In an earlier report, we informed you of a security flaw in cellular carrier technology that could leave any mobile phone, regardless of its manufacturer, wide open to snooping and tracking by hackers. United States Rep. Ted Lieu, D-California, is wasting no time in exploring how dangerous this vulnerability truly is. The California congressman has issued a letter calling for the House Oversight and Government Reform Committee to “examine the full scope and implications of the [Signaling System 7 (SS7)] security flaw.”
It’s pretty clear that if [Nohl] can do it, that other foreign entities can do it, too.- Rep. Ted Lieu
While CTIA – The Wireless Association claims that United States cellular providers aren’t subject to this exploit, Lieu hinted to AppAdvice that he isn’t so sure. “It’s pretty clear that if [Nohl] can do it, that other foreign entities can do it, too,” the congressman stated.
Lieu points out in his letter, addressed to chairman of the House Oversight and Government Reform Committee U.S. Rep. Jason Chaffetz, R-Utah, and ranking member Rep. Elijah Cummings, D-Maryland, that the vulnerability in the SS7 protocols would allow hackers to “easily intercept and record communications en route to their destination unbeknownst to the users.” The letter goes on to state:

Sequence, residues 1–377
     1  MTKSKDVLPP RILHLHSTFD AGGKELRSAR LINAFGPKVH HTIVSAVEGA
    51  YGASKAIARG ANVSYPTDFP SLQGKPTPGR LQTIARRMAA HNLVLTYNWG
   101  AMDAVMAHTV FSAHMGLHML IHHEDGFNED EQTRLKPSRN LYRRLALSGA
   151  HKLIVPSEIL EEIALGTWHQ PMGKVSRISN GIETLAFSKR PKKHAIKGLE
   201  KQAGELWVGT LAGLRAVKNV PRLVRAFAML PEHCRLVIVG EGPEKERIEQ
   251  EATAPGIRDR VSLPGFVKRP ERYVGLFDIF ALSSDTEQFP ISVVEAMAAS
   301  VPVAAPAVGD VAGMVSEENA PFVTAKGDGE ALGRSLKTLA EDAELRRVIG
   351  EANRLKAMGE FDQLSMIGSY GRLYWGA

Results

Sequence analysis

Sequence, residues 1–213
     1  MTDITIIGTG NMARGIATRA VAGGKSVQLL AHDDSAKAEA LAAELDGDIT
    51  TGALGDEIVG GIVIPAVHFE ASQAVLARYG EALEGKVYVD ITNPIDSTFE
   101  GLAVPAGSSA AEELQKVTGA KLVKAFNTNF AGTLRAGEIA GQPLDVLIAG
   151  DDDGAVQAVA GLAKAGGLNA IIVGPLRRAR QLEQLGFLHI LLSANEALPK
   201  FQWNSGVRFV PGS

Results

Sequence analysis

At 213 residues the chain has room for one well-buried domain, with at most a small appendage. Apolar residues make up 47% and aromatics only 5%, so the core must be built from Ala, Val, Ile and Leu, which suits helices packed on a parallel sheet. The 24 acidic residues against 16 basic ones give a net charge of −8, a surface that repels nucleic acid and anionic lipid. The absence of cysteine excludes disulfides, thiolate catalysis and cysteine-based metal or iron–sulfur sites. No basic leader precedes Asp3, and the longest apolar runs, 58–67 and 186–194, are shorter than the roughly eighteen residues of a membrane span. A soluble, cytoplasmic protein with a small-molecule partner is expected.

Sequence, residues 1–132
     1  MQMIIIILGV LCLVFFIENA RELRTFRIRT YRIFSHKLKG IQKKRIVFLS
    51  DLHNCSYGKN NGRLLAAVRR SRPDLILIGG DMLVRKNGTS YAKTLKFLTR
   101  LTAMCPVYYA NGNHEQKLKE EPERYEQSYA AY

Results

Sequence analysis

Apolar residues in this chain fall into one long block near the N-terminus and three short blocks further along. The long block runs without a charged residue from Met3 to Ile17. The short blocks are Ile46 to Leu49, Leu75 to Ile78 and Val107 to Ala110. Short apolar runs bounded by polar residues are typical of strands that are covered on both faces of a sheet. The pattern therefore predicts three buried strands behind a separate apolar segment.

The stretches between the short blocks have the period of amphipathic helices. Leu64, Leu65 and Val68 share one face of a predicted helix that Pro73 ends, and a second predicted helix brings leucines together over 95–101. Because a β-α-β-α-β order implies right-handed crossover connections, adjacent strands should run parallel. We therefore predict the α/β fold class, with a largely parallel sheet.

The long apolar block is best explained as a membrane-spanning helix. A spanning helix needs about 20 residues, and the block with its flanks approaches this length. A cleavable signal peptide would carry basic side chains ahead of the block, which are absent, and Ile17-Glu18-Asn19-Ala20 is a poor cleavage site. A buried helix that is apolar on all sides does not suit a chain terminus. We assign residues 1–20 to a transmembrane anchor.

The applications for this vulnerability are seemingly limitless, from criminals monitoring individual targets to foreign entities conducting economic espionage on American companies to nation states monitoring U.S. government officials.- Rep. Ted Lieu
Rep. Lieu told AppAdvice that the danger of this vulnerability could be quite real. “There are all sorts of ways that this could have a very detrimental effect on our daily lives,” he asserted. “On this SS7 flaw, there is no reasonable conclusion for allowing this flaw to exist,” Lieu pointed out.
My view is that the entire federal government as well as the private sector is not well-equipped to act on technology security issues. We need to have a culture change where everyone takes cybersecurity much more seriously.- Rep. Ted Lieu
Ideally, Lieu told AppAdvice, the House Oversight Committee, along with other such bodies, would investigate the SS7 flaw and come up with ways to fix it. The congressman believes that what will be required to truly remedy the myriad of cybersecurity flaws won’t be just a single action of a House committee, but “a culture change where everyone takes cybersecurity much more seriously.”